The New England Patriots are the fifth-oldest team in the NFL, according to Spotrac. Their quarterback is the oldest position player in the league, and they traded away both of said quarterback's promising young backups last season.
The Patriots are coming off the first season this decade in which they had fewer than three regular position players nominated to the Pro Bowl. They haven't used a top-50 pick in either of the last two drafts, which has limited their amount of young talent in the pipeline.
They're also trying to stop the bleeding after losing key players Nate Solder, Dion Lewis, Malcolm Butler, Danny Amendola and Brandin Cooks this offseason.
On top of that, they're trying to recover from a tumultuous run that was plagued by negative reports regarding the relationships between veteran stars Tom Brady and Rob Gronkowski and head coach Bill Belichick.
The Patriots reportedly expect both Brady and Gronk to return in 2018 despite the rumored bad blood within the organization, according to Pro Football Talk's Mike Florio. That gives the franchise a chance to shift the narrative regarding its fallibility and quash the bad vibes stemming from the Brady-Belichick battle, a tough Super Bowl LII loss and a series of March departures.
If the Patriots draft well, it won't be long before all have bounced back from perhaps the toughest stretch of the Brady-Belichick era. Bring in an exciting heir apparent at quarterback and they'll forgive you for trading both Jimmy Garoppolo and Jacoby Brissett. Add a promising potential pillar at left tackle and they'll say good riddance to Solder.
With a pair of first-round picks and two more second-rounders, the Pats have a chance to replenish that talent pipeline and become substantially younger.
With more draft capital than they've had since the turn of the century, they have a chance to avoid losing ground to surging fellow Super Bowl contenders like the Philadelphia Eagles, Los Angeles Rams, Minnesota Vikings, New Orleans Saints, Jacksonville Jaguars and Pittsburgh Steelers, all of whom have enjoyed far more fruitful offseasons.
Belichick has drafted two players in the first round just twice in his 18 years with the Pats. On both of those occasions (2004 and 2012), the team drafted just one player in Round 2. Barring trade-downs, this will be the first time the Patriots select at least two players in each of the first two rounds since Bobby Grier and Pete Carroll were running the team in 1998.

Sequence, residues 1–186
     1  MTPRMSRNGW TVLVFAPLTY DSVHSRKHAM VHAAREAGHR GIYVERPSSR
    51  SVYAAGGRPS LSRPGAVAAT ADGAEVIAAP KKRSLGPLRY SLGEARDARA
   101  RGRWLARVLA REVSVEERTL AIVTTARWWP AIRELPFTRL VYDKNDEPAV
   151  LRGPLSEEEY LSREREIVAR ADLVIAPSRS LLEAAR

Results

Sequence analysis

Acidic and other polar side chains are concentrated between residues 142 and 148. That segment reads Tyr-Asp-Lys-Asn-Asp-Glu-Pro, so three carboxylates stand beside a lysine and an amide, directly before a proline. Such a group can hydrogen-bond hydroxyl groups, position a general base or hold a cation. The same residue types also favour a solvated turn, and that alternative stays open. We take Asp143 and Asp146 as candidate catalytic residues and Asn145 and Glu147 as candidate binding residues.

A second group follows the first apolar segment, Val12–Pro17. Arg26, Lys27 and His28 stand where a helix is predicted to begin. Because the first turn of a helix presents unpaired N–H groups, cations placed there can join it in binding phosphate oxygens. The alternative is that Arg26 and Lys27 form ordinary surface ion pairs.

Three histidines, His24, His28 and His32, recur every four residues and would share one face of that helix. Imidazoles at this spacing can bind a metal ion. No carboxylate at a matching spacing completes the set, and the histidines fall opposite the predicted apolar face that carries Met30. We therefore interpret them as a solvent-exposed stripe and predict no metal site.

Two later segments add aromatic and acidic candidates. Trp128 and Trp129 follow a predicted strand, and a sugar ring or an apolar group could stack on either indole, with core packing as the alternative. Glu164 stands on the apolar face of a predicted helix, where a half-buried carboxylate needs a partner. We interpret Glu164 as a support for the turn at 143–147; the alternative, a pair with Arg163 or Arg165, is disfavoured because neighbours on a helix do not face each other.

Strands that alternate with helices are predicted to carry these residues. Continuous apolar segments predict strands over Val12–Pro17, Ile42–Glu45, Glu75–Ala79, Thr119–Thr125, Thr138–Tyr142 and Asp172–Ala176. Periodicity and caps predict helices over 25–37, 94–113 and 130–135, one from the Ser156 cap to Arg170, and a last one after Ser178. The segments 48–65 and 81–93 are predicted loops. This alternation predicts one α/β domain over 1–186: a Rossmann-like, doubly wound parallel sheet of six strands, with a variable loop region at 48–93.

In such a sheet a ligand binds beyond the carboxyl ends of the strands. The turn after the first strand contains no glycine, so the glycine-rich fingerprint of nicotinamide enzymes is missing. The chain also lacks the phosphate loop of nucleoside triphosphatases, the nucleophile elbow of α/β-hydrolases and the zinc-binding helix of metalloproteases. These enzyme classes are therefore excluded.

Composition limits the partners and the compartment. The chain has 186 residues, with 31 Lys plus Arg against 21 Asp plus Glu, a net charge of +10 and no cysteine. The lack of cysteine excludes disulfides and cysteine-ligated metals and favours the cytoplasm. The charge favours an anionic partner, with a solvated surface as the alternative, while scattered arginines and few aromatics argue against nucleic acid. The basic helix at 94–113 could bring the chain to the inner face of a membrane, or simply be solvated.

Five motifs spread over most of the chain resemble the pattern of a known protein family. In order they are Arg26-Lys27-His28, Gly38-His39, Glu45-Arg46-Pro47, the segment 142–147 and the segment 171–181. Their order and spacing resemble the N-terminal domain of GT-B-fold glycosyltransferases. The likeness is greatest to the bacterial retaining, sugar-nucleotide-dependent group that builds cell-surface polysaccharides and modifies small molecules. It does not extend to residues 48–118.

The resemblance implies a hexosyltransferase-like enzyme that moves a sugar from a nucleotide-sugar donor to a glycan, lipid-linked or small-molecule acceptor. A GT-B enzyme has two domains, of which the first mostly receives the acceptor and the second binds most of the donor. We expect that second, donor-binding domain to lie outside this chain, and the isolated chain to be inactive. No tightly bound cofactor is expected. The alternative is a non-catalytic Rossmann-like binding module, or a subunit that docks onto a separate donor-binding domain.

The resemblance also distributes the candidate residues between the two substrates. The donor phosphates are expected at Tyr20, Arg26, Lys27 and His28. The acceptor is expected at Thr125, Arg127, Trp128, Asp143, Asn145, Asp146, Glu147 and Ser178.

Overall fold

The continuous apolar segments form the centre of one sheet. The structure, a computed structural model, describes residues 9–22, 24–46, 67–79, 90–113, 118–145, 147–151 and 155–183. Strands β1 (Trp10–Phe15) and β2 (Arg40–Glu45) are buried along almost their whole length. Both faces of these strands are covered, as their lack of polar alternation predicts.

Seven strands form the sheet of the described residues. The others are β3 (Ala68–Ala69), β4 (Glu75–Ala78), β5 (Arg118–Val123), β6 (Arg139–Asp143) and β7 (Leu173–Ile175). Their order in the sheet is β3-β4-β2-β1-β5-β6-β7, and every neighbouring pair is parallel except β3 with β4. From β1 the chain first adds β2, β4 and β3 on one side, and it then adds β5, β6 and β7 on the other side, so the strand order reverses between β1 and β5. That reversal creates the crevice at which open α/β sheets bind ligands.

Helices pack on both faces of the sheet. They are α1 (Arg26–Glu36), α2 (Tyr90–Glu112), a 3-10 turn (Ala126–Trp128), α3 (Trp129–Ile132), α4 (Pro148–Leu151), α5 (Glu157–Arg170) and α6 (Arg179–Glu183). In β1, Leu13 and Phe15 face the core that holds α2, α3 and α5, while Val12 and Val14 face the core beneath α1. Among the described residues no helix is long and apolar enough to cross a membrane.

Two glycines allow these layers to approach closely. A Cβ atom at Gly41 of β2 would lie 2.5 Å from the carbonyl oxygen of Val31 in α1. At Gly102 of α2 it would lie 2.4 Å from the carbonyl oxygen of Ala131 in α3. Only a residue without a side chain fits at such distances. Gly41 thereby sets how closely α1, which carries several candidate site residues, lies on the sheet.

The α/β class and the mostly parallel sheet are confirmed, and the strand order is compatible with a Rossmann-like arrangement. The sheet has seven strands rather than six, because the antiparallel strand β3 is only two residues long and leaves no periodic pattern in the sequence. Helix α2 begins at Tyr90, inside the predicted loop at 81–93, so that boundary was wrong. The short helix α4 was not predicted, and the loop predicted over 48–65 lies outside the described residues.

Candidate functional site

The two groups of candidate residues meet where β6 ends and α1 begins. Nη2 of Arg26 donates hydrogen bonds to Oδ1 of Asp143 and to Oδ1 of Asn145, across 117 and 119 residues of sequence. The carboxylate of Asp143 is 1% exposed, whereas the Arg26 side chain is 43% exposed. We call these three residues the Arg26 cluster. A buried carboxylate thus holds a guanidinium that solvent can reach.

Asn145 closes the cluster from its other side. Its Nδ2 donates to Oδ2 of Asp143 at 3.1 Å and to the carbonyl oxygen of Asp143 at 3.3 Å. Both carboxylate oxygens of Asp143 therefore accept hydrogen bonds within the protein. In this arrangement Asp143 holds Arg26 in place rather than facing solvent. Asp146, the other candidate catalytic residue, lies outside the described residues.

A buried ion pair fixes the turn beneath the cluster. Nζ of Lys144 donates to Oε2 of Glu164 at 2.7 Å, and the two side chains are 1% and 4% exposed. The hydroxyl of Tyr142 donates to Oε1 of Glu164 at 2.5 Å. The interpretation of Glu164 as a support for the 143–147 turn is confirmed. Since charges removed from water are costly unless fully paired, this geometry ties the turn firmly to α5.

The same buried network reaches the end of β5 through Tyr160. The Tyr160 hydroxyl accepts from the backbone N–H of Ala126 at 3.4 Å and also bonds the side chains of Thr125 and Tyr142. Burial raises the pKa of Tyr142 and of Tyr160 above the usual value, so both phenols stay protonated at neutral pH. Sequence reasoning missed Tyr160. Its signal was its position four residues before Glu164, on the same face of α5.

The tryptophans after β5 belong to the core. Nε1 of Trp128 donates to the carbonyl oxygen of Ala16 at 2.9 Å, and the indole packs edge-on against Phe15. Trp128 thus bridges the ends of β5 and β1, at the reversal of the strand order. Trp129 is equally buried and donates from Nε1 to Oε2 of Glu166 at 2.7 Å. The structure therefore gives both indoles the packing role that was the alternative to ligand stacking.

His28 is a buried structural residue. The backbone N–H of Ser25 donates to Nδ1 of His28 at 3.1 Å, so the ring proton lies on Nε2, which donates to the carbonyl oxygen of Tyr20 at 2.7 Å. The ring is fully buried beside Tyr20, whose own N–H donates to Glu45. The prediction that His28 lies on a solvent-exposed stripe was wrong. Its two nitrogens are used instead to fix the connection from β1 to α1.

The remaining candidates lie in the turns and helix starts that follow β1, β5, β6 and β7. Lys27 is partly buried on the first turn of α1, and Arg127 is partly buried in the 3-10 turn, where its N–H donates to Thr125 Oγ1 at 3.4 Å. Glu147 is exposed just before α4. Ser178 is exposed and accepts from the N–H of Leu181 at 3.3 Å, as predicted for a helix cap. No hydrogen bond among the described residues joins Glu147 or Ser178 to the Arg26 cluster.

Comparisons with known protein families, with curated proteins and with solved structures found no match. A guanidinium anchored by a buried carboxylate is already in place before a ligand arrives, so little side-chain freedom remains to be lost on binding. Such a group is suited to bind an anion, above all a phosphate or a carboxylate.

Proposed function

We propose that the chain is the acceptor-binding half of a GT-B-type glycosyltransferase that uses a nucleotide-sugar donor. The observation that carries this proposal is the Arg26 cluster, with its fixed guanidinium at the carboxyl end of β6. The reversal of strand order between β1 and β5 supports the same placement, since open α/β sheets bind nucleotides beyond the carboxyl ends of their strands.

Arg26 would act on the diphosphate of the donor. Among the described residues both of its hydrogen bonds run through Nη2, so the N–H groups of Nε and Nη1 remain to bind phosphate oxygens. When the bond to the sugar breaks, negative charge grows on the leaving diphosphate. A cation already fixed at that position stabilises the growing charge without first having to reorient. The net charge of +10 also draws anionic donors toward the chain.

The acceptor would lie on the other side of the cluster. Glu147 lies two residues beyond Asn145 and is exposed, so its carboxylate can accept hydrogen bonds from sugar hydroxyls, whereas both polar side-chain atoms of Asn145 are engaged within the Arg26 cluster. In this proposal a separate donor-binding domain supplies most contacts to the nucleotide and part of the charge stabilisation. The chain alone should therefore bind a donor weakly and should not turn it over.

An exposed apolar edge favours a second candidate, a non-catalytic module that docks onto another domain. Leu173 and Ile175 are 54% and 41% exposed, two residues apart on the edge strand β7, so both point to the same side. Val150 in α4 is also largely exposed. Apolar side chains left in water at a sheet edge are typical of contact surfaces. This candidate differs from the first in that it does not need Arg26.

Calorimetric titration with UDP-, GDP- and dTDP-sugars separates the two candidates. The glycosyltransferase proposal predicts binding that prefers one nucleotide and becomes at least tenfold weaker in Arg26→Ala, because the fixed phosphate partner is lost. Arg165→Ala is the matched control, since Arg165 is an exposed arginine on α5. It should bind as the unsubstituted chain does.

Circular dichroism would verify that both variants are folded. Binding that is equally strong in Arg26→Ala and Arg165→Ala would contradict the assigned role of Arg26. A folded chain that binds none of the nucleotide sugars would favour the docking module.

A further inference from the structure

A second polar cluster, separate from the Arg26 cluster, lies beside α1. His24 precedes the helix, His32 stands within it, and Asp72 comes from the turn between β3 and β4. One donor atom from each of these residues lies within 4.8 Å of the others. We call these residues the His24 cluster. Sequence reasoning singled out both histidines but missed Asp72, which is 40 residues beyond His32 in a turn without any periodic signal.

You'd be smart to expect trades. The Patriots didn't use any of the seven draft picks that originally belonged to them last year, and they've traded seven of their last nine first-round picks dating back to 2007. But draft capital is draft capital, and the Pats need to squeeze as much as they can out of it on Thursday, Friday and Saturday. (They also have two sixth-round selections and the first pick of the seventh round.)
That could mean using one of those first-rounders on enticing quarterback prospect Lamar Jackson, who would immediately take after Garoppolo and get hyped as a potential Brady successor. They hosted the Heisman Trophy winner from Louisville two weeks ago and were "intrigued and impressed," according to NFL Network's Ian Rapoport.
Conversely, it could mean using a first-rounder on tailor-made Solder replacement Kolton Miller. Or it could mean packaging several of those first- or second-round selections to move up for a higher-ranked player at either position, such as Josh Allen, Josh Rosen or Mike McGlinchey.
Regardless, the time has come for New England to make a draft splash. In the lead-up to this draft, the Patriots have indicated by way of their actions that they're aware of that.
There are thousands of scenarios in play, and in many cases, we won't be able to draw immediate conclusions about New England's approach. The Patriots might see something no other team else does, and it might take time for us to realize they did or didn't make a splash.
Regardless, if the Patriots can mine some difference-makers from this draft, a painful four-month run will become nothing more than a slightly embarrassing memory.
But if they fail to do so, they'll be closer to a rebuild than at any other point thus far this century.
Brad Gagnon has covered the NFL for Bleacher Report since 2012.